As humans we are made up of body, mind and spirit. Just as critical as having nourishment, hydration and rest to sustain our physical body, we must also care for our mind and our spirit. Caregiving is a continuous drain on us emotionally, just as it is physically, and if we do not seek the renewal of our hearts and minds, we will soon find ourselves operating at a deficit and experiencing things like resentment, depression, outbursts of anger and even mental and emotional breakdown. It is like driving a car that is running low on oil. We may be able to put quite a few miles on the vehicle before things get critical, but when the last drop of oil is spent, our engine will overheat and begin to self-destruct. As caregivers, when our emotional stores are depleted, we can only run on empty for so long before we start sustaining mental, emotional and spiritual damage. We humans were designed to have our hearts and minds renewed continually by deep spiritual connections and those connections are vital to longevity as a caregiver. Many find these connections in prayer, meditation, studying the Bible or other books of philosophy and poetry. Some find release in music or hobbies like gardening, woodworking or cooking. Others find spiritual renewal by connecting with nature; being outdoors, exercising or spending time with animals. Those of us who are fortunate enough to have a loving and supportive spouse, or other close friend or family member, can find deep renewal connecting with that individual, and in turn, being filled up emotionally. Whatever makes us feel fresh and new and strong; that is what we must seek out! That is what we must make time for in our busy lives in order to be at our best.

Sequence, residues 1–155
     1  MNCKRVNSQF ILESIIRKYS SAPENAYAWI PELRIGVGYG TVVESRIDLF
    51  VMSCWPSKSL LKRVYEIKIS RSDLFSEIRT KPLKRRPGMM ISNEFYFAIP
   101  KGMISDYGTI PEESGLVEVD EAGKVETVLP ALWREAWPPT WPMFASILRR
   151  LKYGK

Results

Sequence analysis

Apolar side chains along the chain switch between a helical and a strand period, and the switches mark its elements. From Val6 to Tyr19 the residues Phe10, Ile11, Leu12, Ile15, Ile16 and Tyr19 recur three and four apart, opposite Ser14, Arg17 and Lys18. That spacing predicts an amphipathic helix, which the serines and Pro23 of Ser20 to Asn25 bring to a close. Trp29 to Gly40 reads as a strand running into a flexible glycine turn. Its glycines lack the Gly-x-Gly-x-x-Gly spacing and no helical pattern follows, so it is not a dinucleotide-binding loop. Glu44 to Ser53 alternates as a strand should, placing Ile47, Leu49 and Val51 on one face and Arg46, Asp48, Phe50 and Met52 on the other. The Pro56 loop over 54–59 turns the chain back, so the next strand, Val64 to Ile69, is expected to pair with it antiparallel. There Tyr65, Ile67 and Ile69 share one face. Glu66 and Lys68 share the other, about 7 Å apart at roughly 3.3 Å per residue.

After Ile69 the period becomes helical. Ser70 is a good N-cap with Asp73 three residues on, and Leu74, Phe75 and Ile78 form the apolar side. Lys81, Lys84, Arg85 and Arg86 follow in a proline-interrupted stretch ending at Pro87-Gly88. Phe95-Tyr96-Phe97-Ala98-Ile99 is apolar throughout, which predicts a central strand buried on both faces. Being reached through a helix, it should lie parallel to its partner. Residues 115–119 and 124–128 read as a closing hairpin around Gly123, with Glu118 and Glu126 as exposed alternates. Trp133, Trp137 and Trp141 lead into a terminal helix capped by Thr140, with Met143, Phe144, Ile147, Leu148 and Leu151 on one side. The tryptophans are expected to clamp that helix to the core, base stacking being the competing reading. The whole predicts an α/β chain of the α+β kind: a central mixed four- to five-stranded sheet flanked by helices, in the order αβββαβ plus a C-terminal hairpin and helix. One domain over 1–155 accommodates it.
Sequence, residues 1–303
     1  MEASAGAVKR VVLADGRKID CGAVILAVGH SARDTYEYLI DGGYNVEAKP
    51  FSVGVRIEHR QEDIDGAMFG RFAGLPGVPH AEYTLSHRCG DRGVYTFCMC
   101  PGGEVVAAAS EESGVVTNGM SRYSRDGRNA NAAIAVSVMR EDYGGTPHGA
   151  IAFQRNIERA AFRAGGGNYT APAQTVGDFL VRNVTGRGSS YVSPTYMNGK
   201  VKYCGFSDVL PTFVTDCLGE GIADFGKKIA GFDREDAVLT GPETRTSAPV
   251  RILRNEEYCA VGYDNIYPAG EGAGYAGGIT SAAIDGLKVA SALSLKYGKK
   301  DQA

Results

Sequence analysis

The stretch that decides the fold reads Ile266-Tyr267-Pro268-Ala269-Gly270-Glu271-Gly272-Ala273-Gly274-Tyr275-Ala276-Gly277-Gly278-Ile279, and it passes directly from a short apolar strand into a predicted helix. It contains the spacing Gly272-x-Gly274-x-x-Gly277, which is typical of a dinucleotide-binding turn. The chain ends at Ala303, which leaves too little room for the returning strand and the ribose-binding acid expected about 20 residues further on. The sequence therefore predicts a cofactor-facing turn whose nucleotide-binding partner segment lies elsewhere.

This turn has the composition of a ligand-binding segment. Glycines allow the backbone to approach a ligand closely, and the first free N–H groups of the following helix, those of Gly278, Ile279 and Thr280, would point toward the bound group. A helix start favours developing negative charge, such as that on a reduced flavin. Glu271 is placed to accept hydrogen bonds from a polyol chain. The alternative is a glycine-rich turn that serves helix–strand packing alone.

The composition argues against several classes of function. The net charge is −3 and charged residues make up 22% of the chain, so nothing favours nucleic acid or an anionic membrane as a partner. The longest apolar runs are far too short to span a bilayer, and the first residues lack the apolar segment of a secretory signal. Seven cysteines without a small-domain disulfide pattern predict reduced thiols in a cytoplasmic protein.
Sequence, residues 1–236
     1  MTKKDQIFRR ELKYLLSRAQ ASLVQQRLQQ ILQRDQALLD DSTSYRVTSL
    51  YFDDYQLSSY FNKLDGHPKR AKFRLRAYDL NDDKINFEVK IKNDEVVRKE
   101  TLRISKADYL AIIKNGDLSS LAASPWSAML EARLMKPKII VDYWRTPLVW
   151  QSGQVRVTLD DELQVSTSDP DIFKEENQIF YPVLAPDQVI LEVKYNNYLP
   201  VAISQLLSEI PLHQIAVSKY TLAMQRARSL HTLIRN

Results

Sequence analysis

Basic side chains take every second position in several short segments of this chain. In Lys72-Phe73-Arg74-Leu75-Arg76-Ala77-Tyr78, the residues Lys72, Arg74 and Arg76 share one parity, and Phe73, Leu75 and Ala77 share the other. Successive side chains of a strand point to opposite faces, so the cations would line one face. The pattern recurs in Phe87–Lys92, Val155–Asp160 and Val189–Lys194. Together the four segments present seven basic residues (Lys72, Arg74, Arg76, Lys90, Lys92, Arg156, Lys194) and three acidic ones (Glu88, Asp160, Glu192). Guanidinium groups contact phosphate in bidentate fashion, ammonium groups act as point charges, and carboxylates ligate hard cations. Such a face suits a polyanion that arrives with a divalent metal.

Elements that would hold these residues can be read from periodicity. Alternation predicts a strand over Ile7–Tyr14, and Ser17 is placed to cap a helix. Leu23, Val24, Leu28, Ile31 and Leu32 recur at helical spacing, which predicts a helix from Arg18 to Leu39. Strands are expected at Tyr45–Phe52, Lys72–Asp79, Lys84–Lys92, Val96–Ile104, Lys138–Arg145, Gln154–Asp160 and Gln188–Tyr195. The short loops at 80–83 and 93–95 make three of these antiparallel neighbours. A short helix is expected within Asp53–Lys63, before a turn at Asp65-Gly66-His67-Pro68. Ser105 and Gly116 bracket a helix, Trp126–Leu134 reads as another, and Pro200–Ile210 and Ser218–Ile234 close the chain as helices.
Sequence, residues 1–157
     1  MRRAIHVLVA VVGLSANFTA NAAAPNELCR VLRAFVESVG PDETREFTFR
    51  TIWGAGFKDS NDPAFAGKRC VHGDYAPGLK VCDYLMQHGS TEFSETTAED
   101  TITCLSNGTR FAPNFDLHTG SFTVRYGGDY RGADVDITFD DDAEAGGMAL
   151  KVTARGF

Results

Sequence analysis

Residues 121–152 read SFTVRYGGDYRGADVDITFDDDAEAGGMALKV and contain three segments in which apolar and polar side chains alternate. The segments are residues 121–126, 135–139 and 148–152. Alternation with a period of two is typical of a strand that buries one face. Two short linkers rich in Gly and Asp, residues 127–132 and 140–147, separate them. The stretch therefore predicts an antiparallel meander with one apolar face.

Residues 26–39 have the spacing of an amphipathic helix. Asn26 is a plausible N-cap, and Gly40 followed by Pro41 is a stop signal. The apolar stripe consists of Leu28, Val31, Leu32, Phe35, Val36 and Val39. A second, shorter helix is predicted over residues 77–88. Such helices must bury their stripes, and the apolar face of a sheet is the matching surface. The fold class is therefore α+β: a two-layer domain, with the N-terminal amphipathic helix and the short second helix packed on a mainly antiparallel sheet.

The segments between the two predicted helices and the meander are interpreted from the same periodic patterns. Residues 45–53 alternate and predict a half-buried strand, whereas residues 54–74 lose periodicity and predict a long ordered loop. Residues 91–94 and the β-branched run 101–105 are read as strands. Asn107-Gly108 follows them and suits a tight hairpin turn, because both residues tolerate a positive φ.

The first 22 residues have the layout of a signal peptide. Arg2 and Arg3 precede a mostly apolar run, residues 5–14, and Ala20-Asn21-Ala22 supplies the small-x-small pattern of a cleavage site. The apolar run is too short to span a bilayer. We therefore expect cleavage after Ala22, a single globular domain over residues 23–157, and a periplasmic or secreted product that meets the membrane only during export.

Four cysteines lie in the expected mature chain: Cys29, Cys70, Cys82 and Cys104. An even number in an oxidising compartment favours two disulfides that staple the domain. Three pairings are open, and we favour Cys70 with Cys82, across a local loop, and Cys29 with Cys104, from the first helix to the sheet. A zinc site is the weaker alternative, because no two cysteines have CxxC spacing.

4. Consider Facility Placement or an In-Home Caregiver